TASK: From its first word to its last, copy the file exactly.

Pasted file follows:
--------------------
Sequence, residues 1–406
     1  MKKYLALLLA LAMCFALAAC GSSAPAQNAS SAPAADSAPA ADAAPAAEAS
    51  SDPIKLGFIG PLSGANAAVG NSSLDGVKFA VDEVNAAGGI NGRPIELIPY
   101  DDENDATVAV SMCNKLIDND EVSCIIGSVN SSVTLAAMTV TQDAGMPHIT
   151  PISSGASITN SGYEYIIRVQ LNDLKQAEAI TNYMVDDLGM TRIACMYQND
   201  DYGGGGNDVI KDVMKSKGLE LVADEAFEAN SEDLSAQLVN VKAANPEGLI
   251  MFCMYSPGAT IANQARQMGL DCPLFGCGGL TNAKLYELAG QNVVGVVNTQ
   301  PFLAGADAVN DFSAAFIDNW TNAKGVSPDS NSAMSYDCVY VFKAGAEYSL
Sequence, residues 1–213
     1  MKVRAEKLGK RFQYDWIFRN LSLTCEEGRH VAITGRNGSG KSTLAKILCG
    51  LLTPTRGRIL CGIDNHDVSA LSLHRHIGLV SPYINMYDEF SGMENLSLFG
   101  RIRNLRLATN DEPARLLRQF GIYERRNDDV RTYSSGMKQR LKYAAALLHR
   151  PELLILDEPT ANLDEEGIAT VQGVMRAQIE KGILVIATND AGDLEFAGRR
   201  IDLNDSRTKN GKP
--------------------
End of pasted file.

Sequence, residues 1–406
     1  MKKYLALLLA LAMCFALAAC GSSAPAQNAS SAPAADSAPA ADAAPAAEAS
    51  SDPIKLGFIG PLSGANAAVG NSSLDGVKFA VDEVNAAGGI NGRPIELIPY
   101  DDENDATVAV SMCNKLIDND EVSCIIGSVN SSVTLAAMTV TQDAGMPHIT
   151  PISSGASITN SGYEYIIRVQ LNDLKQAEAI TNYMVDDLGM TRIACMYQND
   201  DYGGGGNDVI KDVMKSKGLE LVADEAFEAN SEDLSAQLVN VKAANPEGLI
   251  MFCMYSPGAT IANQARQMGL DCPLFGCGGL TNAKLYELAG QNVVGVVNTQ
   301  PFLAGADAVN DFSAAFIDNW TNAKGVSPDS NSAMSYDCVY VFKAGAEYSL
Sequence, residues 1–213
     1  MKVRAEKLGK RFQYDWIFRN LSLTCEEGRH VAITGRNGSG KSTLAKILCG
    51  LLTPTRGRIL CGIDNHDVSA LSLHRHIGLV SPYINMYDEF SGMENLSLFG
   101  RIRNLRLATN DEPARLLRQF GIYERRNDDV RTYSSGMKQR LKYAAALLHR
   151  PELLILDEPT ANLDEEGIAT VQGVMRAQIE KGILVIATND AGDLEFAGRR
   201  IDLNDSRTKN GKP